MO.2.B || Decarbonized Mobility Along the Value Chain

Schüler, Maximilian; Gernuks, Marko; Plaga, Benjamin; Hentschel, Jan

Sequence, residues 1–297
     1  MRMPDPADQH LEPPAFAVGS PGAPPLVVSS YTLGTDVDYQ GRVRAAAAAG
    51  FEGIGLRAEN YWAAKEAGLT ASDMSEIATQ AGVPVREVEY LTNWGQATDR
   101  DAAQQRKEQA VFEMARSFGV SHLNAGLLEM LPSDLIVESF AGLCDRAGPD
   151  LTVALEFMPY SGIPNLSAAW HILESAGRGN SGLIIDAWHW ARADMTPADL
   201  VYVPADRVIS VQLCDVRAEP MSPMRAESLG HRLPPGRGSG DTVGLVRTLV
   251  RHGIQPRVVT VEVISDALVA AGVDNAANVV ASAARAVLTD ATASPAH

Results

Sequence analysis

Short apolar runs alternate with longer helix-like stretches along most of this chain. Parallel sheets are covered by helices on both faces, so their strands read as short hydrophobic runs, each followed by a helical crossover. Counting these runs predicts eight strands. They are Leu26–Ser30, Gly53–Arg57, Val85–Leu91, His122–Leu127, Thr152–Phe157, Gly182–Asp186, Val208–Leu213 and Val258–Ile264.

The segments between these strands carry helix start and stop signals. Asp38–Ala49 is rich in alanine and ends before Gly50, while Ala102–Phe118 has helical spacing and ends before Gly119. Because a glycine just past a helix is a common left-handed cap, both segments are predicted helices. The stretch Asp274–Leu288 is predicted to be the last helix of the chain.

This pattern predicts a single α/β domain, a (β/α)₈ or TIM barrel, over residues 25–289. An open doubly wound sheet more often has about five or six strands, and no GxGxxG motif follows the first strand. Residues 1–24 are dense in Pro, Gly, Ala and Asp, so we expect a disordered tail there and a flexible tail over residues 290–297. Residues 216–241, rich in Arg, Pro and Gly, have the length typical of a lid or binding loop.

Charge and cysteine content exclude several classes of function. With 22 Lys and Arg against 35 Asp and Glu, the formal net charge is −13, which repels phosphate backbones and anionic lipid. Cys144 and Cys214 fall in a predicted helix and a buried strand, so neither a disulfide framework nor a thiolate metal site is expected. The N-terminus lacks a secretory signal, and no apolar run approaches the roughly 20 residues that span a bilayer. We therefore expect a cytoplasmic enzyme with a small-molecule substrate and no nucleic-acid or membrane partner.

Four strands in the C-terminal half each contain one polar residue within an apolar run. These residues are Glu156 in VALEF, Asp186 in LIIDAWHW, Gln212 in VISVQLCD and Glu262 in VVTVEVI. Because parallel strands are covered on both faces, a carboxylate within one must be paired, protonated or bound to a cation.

Since 2018 Volkswagen is committed to the Paris Climate Agreement and aims to be net carbon neutral by 2050. Life Cycle Assessments (LCA) have long been a part of Volkswagen’s environmental activities. With the shift towards battery electric vehicles (BEV), a holistic understanding of the drivers of environmental performance of vehicles is necessary to derive effective measures to reducing Volkswagens environmental footprint. We analyzed two cars in the compact class, Golf 8 (internal combustion engine vehicle with petrol or diesel, ICEV) and ID.3 (BEV) and two cars in the compact SUV class: Tiguan (ICE) and ID.4 (BEV). All vehicles have production, use and recycling in Europe. While overall greenhouse gas emissions are lower for the BEVs compared to the ICEV, emissions from the supply chain are significantly higher due to the NMC-622 batteries. The advantage of BEVs over ICEVs rises significantly when renewable electricity is used in the use phase as well as during the production of the battery cells and the cathode material as well as using secondary material in the battery supply chain. Further reduction measures such as secondary materials for steel, aluminum or the use of steel with hydrogen or aluminum from renewable electricity are measures equally suitable for all vehicles regardless of the powertrain. In conclusion, BEVs in Europe already today have a lower carbon footprint compared to ICEV. For BEVs. the use of renewable electricity along the entire life cycle is the biggest lever in reducing GHG emissions from passenger vehicles making the change towards an electrified portfolio the right path for decarbonization.